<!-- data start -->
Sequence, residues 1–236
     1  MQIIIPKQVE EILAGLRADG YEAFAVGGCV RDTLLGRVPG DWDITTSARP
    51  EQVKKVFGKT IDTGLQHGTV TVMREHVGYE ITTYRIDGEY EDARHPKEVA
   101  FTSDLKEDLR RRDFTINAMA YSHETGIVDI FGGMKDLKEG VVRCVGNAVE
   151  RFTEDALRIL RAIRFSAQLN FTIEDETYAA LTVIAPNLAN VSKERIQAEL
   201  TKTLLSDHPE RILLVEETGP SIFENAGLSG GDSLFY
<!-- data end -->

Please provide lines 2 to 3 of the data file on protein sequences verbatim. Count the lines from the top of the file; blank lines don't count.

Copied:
     1  MQIIIPKQVE EILAGLRADG YEAFAVGGCV RDTLLGRVPG DWDITTSARP
    51  EQVKKVFGKT IDTGLQHGTV TVMREHVGYE ITTYRIDGEY EDARHPKEVA